Teens & Personal Finance Survey Insights - JA In The News | Junior Achievement of Dallas

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OffBeat Business Media: Seated2Serve Podcast - Interview with Jan Murfield

Toyota & The Dallas Morning News - JUNIOR ACHIEVEMENT AND TOYOTA ARE PREPARING NORTH TEXAS KIDS FOR SUCCESSFUL FINANCIAL FUTURES

RowlettLakeshoreTimes - Junior Achievement of Dallas receives national honor

The Scott Murray Show: Relationship Roundtable - Interview with Jan Murfield, Sabih Khan, and Jaylen Freeman (this link will trigger a download of the interview to your computer - look to the bottom of your browser for the file)

1080 KRLD News Radio - Interview with Bobby B. Lyle; Interview with John C. Goff; Interview with Mitch Hart

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Teens & Personal Finance Survey Insights

A new survey by Junior Achievement (JA) and Citizens Bank shows that 63 percent of teens believe they will be financially independent of their parents by the age of 30, meaning that more than a third of teens surveyed do not hold this belief. The survey is being released in conjunction with Financial Literacy Month, which is April.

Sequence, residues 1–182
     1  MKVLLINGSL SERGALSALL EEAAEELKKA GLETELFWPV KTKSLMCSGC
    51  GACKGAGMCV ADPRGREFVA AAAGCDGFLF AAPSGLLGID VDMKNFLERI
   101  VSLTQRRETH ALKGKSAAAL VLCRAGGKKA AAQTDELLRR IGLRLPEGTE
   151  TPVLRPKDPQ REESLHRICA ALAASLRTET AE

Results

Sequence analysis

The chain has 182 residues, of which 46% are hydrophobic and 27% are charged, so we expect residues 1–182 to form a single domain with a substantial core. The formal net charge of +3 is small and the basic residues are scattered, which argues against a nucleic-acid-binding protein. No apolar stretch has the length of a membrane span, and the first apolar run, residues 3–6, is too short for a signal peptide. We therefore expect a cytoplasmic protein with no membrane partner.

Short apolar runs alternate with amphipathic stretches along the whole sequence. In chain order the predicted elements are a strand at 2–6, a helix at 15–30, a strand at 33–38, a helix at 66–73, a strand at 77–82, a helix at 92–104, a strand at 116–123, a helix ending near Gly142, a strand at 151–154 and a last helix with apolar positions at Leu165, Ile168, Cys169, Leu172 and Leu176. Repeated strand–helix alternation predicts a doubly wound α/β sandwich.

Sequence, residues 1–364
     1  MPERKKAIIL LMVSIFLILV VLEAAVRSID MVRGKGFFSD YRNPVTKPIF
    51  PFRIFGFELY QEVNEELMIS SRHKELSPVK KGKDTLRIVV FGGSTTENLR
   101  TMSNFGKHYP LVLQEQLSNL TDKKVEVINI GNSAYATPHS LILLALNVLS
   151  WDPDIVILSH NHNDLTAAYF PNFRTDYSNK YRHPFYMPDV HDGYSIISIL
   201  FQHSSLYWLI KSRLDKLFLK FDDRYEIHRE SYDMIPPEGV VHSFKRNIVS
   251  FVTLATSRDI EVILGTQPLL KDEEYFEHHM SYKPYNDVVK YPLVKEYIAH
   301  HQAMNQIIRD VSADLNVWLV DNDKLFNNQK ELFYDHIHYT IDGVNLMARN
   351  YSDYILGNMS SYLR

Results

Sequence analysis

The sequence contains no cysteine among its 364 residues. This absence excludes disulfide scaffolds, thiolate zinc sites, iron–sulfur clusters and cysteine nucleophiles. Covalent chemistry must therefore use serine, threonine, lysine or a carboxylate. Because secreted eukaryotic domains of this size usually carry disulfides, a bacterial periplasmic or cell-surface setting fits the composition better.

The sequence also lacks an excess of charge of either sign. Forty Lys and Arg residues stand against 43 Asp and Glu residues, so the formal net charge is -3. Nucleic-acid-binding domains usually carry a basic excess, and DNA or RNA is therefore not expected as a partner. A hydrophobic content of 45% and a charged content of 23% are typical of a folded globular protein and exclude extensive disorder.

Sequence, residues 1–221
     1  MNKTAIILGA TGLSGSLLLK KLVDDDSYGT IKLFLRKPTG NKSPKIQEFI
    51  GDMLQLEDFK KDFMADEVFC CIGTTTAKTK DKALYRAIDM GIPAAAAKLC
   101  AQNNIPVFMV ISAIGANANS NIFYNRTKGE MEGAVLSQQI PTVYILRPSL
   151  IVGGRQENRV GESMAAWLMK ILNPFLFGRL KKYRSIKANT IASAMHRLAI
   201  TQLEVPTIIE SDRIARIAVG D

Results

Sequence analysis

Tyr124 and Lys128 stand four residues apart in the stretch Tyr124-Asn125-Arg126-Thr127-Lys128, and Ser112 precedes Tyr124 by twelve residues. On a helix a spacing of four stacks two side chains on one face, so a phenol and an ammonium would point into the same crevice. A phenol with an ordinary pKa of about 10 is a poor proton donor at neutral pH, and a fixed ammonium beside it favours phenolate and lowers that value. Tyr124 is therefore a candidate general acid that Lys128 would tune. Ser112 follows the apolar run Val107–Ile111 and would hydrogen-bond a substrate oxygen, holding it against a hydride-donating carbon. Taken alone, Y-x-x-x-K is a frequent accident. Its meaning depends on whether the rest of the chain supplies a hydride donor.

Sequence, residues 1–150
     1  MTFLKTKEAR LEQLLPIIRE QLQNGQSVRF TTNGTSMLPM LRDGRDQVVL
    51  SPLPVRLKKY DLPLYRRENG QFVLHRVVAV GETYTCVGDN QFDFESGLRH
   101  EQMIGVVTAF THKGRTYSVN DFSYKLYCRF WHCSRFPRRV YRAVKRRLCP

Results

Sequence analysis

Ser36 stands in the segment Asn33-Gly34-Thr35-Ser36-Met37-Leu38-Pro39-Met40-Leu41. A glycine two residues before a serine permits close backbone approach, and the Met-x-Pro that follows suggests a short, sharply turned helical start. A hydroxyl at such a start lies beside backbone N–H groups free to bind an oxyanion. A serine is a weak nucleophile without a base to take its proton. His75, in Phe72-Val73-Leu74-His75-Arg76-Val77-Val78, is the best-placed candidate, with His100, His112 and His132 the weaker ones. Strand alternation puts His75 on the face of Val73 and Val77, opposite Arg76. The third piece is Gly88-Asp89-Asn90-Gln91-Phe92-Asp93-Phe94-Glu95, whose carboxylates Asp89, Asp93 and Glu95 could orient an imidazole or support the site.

The survey found that 74 percent believe they will own a car by the time they are 30, with 60 percent believing they will own a home, 44 percent believing they will begin saving for retirement and 43 percent believing they will have paid off student loans. The survey of 1,000 US teens ages 13-18, who are not currently enrolled in college was conducted by Wakefield Research.

The survey also found that most teens’ top financial goal for the future is getting a full-time job (62%). Other financial goals included graduating from a 4-year college (59%), no longer having to rely on parents or caregivers for money (53%) and saving enough money for a big trip or vacation (41%). In terms of teen top financial concerns for the future, those included paying for college (47%), not being able to afford to live on their own (45%), paying taxes (43%) and finding a fulfilling, well-paying job (40%).

Other findings include:

  • Most teens (64%) turn to their parents or caregivers for financial advice, followed by family members (38%), friends (30%) and online resources, such as articles and social media (27%)
  • Most teens making money have some sort of bank account (61%), while the rest save their money unbanked, such as in a shoebox, piggybank or other method.
  • Among those currently in school, more female respondents (40%) than males (34%) believed they would make less than $35,000 in their first full-time job after high school.
  • More teens (22%) earned money in 2019 by working independently, compared to 2018 (16%). Most teens depend on gifts for spending money (64%), while many receive allowances for doing chores (32%). 

 

Methodology

The JA Teens & Personal Finance Survey was conducted by Wakefield Research (www.wakefieldresearch.com) among 1,000 nationally representative U.S. teens ages 13-18, who are not currently enrolled in college between, March 1st and March 8th, 2019, using an email invitation and an online survey.

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